OCR AS Psychology: Core Studies - Cognitive Approach (1)

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  • Created by: Majid
  • Created on: 15-03-13 20:34

Cognitive Approach (1)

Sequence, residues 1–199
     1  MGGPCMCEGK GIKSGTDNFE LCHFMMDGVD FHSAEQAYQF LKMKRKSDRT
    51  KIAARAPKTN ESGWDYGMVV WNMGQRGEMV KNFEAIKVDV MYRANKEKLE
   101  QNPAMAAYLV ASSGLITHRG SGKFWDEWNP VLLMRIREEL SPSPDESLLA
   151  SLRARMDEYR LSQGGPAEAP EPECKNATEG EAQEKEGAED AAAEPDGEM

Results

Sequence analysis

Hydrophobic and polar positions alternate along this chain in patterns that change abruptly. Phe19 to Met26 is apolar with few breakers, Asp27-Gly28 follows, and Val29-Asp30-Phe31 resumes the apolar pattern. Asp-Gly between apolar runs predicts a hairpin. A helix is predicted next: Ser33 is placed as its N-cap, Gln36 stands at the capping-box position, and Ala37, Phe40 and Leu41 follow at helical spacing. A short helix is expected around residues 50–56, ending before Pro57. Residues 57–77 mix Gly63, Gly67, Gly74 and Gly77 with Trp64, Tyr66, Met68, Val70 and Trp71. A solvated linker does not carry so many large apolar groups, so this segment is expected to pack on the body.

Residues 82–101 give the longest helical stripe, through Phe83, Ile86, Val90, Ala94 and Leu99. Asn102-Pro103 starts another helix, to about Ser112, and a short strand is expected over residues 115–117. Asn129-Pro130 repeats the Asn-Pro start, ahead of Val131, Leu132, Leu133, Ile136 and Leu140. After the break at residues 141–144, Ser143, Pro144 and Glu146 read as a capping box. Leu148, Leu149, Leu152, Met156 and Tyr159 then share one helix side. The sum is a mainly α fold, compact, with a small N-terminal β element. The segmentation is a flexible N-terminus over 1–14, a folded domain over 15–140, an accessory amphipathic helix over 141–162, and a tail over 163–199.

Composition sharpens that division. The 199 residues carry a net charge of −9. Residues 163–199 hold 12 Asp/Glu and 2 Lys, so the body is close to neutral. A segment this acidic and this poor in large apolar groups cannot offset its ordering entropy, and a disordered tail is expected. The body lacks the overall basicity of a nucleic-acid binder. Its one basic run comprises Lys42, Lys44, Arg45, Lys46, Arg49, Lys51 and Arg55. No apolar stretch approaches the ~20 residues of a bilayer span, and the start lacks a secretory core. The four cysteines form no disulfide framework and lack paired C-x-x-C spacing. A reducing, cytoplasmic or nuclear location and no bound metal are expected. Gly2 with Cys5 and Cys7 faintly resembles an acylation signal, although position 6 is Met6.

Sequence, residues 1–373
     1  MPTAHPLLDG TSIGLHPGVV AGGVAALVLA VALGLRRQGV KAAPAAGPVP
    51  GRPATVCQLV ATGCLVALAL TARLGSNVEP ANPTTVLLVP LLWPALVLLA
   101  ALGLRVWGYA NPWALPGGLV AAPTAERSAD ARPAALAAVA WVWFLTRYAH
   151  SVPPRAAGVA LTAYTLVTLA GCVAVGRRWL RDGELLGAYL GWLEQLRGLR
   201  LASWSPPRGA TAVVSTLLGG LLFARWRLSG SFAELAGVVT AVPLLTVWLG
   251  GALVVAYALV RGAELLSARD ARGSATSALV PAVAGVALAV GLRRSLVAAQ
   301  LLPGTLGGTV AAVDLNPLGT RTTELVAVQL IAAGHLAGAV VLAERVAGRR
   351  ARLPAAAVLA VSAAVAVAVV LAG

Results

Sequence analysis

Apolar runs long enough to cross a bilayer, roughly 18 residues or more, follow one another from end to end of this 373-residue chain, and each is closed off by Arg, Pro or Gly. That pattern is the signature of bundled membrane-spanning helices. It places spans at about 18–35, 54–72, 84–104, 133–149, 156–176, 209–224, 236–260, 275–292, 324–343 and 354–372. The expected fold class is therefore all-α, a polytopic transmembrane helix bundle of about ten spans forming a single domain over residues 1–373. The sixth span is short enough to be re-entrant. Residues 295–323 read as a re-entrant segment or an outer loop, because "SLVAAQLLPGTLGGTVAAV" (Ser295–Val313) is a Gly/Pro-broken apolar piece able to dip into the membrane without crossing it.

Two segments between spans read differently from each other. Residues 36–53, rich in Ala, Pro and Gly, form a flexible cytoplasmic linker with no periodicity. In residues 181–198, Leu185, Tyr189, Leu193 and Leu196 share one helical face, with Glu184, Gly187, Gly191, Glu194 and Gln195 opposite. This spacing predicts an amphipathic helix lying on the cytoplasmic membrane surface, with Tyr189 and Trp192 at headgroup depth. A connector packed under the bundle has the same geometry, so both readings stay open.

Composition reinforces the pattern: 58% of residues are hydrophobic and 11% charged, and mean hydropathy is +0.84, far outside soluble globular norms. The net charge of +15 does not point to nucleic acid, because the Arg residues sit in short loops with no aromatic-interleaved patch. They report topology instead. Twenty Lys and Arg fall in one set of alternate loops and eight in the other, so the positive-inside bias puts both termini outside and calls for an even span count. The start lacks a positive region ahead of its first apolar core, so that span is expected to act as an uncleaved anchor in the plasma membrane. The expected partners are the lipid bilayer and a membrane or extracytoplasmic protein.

Assumptions:The main assumption of the cognitive approach is that information received from our senses is processed by the brain and that this processing directs how we behave or at least justifies how we behave the way that we do. Cognitive processes are examples of hypothetical constructs. That is, we cannot directly see processes such as thinking but we can infer what a person is thinking based on how they act. Cognitive psychology has been influenced by developments in computer science and analogies are often made between how a computer works and how we process information. Based on this computer analogy cognitive psychology is interested in how the brain inputs, stores and outputs information. However we are much more sophisticated than computer systems and an important criticism directed at the cognitive approach is that it often ignores the way in which other factors, such as past experiences and culture influence how we process information.Describe how the cognitive approach explains eyewitness testimony? Memory is a congnitive process that may not be reliable. Loftus and Palmer found that leading questions influence eye witness memory. Participants may give biased responses in answer to a leading question, or leading questions may actually change memory for an event.Describe how the cognitive approach explains lack of theory of mind? Theory of mind is the ability to infer mental states (emotion, desires, intentions) in other people. Previous research showed that autistic adults aren't always impaired on theory of mind tasks. Baron-Cohen's study tells us that adults with autism lack a ToM  despite having normal intelligence.Describe how the cognitive approach explains language acquistion? Savage-Rumabaugh looked at language acquistion in pygmy and common chimpanzees. All chimps developed some symbol acquisition, but pygmy chimps were far more successful. It also provides evidence for the role of nurture in language development.

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